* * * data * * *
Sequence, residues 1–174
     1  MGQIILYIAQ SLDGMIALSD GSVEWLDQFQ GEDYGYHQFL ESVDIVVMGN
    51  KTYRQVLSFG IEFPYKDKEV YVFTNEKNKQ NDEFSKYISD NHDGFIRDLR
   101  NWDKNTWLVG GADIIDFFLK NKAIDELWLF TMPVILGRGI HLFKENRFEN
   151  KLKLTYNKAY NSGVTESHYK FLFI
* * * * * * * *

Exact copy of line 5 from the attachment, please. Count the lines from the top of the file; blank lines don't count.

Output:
   151  KLKLTYNKAY NSGVTESHYK FLFI